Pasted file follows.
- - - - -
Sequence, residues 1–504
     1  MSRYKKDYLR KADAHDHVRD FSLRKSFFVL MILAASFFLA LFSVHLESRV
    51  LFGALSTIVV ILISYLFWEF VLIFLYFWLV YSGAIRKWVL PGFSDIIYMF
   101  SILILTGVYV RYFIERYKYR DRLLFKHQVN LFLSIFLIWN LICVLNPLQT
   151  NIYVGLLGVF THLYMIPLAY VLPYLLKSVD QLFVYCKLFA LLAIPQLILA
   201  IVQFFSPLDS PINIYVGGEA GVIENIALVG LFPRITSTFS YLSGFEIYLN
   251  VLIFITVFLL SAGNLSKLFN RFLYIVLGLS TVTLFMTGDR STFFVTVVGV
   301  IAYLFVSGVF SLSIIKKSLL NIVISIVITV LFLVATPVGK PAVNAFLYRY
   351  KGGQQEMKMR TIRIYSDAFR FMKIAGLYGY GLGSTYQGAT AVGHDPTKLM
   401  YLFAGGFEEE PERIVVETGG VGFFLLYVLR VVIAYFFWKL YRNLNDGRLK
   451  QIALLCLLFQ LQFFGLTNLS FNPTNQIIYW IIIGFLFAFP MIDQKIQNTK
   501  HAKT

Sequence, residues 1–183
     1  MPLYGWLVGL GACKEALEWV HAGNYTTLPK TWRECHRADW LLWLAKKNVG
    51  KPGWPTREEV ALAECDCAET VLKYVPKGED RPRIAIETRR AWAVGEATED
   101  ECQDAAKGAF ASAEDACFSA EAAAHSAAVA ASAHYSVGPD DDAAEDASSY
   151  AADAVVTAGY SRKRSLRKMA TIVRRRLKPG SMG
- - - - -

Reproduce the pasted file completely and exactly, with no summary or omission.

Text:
Sequence, residues 1–504
     1  MSRYKKDYLR KADAHDHVRD FSLRKSFFVL MILAASFFLA LFSVHLESRV
    51  LFGALSTIVV ILISYLFWEF VLIFLYFWLV YSGAIRKWVL PGFSDIIYMF
   101  SILILTGVYV RYFIERYKYR DRLLFKHQVN LFLSIFLIWN LICVLNPLQT
   151  NIYVGLLGVF THLYMIPLAY VLPYLLKSVD QLFVYCKLFA LLAIPQLILA
   201  IVQFFSPLDS PINIYVGGEA GVIENIALVG LFPRITSTFS YLSGFEIYLN
   251  VLIFITVFLL SAGNLSKLFN RFLYIVLGLS TVTLFMTGDR STFFVTVVGV
   301  IAYLFVSGVF SLSIIKKSLL NIVISIVITV LFLVATPVGK PAVNAFLYRY
   351  KGGQQEMKMR TIRIYSDAFR FMKIAGLYGY GLGSTYQGAT AVGHDPTKLM
   401  YLFAGGFEEE PERIVVETGG VGFFLLYVLR VVIAYFFWKL YRNLNDGRLK
   451  QIALLCLLFQ LQFFGLTNLS FNPTNQIIYW IIIGFLFAFP MIDQKIQNTK
   501  HAKT

Sequence, residues 1–183
     1  MPLYGWLVGL GACKEALEWV HAGNYTTLPK TWRECHRADW LLWLAKKNVG
    51  KPGWPTREEV ALAECDCAET VLKYVPKGED RPRIAIETRR AWAVGEATED
   101  ECQDAAKGAF ASAEDACFSA EAAAHSAAVA ASAHYSVGPD DDAAEDASSY
   151  AADAVVTAGY SRKRSLRKMA TIVRRRLKPG SMG